Posted by: davefarrow | October 19, 2009

Memorizing Large Volumes of Information

Philippe e-mailed in with the following question:

“I have found your contact information from the website. It would be very kind of you if you can find for me the memorization techniques for learning Huge computer books. Are they any special memory peg systems to memorize the key concepts in the book. I am working in the field of computers/ Information technology where everyday we are presented with huge piles of reports, papers and books to read and
remember. Your kind help in this regard will be highly appreciated.

Thanks & Regards,
Philippe.”

Well Philippe, here is what I can tell you:

I have a few answers for you. I have encountered issues like this alot in my consulting practice. The first step is to figure out how you need to organize the information you need to remember. I dont know your company in particular but your email tells me that there is a huge volume of information and it is just dumped on you right now. The first stage is to catagorize this information.

First, Categorize!

I worked with law students and science students and this was always stage one. It seems basic, but many people skip it and end up overwhelmed. I would set aside some time in the beginning of each day to organize the incomming reports into catagories. The specific sections should be your choice but it should be logical. Once it is categorized, go throught it one at a time and select the right information you need to memorize.

Step 2 is to select the right points you need to remember.

This may seem obvious as well, but most people don’t do it. They treat every report the same. The fact is that some reports and facts are really improtant for you to remember and others you can honestly do without or just have a basic understanding. I have found that if I learn in detail the most improtant sections then the others I can just speed read and I will retain what i need to know because of my understanding of scema.

Scema is the reason why our brains remember more information on subjects we are familiar with than on subjects we are not familiar with. The reason is that when you become familiar with a subject, you create a scema, a map of the information in your mind. If it is science then you know the basic principles, if it is renaissance art then you understand the phases of art that have passed in that period. Then, when you get new information, your mind is better able to fit that into its scema. When the art students learns a new fact about Rembrant, they have a better understanding of where it fits into the entire picture of renaissance art. This cannot be under-estimated. One of the main principles of memory is that nothing exists in a void. You only remember something by how it relates to something else.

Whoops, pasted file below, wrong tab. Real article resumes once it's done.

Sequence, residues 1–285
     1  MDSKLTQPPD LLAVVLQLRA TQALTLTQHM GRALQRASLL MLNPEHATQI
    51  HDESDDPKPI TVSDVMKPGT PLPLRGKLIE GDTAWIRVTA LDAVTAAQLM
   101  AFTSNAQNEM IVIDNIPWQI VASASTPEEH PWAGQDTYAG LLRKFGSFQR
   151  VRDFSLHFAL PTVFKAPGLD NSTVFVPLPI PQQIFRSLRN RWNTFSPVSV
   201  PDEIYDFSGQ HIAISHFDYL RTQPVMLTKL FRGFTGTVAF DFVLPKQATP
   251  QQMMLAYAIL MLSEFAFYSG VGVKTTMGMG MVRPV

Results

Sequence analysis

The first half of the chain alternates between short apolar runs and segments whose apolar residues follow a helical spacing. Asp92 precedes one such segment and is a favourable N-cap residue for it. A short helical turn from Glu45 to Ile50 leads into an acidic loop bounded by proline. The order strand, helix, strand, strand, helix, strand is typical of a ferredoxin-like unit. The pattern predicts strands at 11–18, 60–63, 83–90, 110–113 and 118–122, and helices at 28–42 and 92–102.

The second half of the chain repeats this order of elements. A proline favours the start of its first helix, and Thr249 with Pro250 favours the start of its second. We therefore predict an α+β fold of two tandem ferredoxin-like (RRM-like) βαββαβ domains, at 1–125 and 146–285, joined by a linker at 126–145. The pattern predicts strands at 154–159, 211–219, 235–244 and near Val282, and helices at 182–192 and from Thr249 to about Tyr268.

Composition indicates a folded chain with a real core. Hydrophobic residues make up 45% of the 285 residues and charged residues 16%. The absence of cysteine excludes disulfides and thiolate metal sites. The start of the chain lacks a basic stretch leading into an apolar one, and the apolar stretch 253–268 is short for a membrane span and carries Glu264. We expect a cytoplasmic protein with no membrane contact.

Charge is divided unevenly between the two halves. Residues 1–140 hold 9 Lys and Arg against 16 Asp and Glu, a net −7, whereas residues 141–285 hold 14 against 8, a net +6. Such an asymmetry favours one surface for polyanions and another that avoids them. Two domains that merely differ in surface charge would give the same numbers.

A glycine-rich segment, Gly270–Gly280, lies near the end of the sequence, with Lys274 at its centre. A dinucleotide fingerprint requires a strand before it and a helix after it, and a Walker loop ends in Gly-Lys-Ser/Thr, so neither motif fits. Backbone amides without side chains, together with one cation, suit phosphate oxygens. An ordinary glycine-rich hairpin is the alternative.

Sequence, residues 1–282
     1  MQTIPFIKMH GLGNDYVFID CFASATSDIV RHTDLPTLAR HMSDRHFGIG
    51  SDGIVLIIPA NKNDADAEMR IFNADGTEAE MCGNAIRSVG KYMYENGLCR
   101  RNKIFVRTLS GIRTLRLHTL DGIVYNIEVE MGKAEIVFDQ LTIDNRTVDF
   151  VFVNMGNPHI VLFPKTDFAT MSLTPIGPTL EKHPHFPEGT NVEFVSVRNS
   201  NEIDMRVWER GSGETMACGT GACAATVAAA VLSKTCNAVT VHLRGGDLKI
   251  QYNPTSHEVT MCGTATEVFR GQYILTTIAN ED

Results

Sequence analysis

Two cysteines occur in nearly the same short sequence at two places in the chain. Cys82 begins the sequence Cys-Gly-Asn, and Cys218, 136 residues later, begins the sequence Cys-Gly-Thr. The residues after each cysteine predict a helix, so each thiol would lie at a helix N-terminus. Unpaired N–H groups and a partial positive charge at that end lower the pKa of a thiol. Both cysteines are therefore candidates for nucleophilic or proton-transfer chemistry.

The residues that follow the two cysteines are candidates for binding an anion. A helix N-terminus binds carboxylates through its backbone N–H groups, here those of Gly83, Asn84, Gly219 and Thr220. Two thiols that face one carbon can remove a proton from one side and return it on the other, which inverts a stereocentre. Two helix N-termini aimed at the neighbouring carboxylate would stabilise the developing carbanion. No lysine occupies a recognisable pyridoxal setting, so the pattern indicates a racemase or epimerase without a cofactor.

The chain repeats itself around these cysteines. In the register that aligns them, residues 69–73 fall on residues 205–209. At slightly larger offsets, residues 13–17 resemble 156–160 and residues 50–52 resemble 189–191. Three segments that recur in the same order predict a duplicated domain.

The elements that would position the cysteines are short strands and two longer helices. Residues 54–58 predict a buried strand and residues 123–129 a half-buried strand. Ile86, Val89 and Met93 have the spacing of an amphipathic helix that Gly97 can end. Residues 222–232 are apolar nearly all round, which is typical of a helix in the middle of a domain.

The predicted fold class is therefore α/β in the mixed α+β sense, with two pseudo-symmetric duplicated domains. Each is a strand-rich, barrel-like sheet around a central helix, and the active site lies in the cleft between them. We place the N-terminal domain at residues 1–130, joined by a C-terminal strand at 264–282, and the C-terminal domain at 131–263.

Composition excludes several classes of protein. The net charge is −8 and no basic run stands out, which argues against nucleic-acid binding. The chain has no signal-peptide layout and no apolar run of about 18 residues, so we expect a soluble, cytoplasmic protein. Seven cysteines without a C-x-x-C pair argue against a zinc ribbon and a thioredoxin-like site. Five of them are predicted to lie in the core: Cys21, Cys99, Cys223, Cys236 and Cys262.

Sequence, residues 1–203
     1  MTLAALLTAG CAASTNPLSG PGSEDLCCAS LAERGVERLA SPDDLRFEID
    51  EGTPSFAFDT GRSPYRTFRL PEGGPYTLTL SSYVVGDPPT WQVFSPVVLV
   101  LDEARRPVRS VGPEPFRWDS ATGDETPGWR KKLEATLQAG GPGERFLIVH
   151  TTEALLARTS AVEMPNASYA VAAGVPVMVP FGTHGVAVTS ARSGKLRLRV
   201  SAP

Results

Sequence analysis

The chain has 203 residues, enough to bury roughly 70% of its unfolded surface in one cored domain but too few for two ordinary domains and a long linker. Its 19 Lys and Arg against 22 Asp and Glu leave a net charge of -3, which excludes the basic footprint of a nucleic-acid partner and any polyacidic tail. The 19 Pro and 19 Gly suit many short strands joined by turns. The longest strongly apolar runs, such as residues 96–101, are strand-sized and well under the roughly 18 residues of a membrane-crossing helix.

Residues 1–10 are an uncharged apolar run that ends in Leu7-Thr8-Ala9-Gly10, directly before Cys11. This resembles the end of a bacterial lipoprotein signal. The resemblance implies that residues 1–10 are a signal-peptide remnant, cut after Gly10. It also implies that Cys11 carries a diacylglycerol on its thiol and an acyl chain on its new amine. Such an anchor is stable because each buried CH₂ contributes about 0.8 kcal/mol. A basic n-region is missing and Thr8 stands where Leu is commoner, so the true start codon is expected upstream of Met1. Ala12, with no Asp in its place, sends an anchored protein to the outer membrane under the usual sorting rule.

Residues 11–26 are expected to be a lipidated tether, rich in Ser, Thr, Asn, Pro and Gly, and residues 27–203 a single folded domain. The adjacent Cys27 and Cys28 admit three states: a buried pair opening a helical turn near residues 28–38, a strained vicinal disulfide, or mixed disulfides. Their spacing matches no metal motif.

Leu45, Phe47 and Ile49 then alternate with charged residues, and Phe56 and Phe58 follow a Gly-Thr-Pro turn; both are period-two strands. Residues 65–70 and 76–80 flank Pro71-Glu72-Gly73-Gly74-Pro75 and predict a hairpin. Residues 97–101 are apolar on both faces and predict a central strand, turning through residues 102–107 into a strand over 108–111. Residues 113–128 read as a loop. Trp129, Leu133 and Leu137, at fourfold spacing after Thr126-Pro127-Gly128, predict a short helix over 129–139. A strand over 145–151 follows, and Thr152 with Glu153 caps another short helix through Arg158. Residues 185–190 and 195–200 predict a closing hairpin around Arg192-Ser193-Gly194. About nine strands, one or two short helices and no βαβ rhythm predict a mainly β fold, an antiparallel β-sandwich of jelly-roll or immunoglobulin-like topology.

So how does this realte to your problem?

Simple. You are overwhelmed by the volume of information hitting you daily. First, categorize it to give it some order. Second, select the information that is improtant enough for you to memorize. In other wrods, prioritize it. Once you do this, you will be left with a manageable amount of information to remember using memory techniques.

Once you focus on this, the rest of the reports can be speed read and you will be able to get the information you need because you already have a structure in your mind.

In the future, this will become so second nature that you will be able to do this the minute you get a new report, you file it in it’s category and either memorize it or simply read through it for the fact depending on its priority level.

I can’t go into all the techniques you will use to memorize the information. That is a whole course. We have a free lesson one memory techniques online right now at http://www.davefarrow.com. If you want to know how to commit anything to memory easily you need to take my course, but suffice to say that you can easily retain any ammount of numbers or codes and more to put you head a shoulders above anyone else you are working with there.

I hope this has helped you. I have used this for my science work and it saved me a lot of pain. The few minutes of planning brings a world of success.

Memorably,
Dave

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Responses

  1. Dave, your answer is excellent and very helpful.


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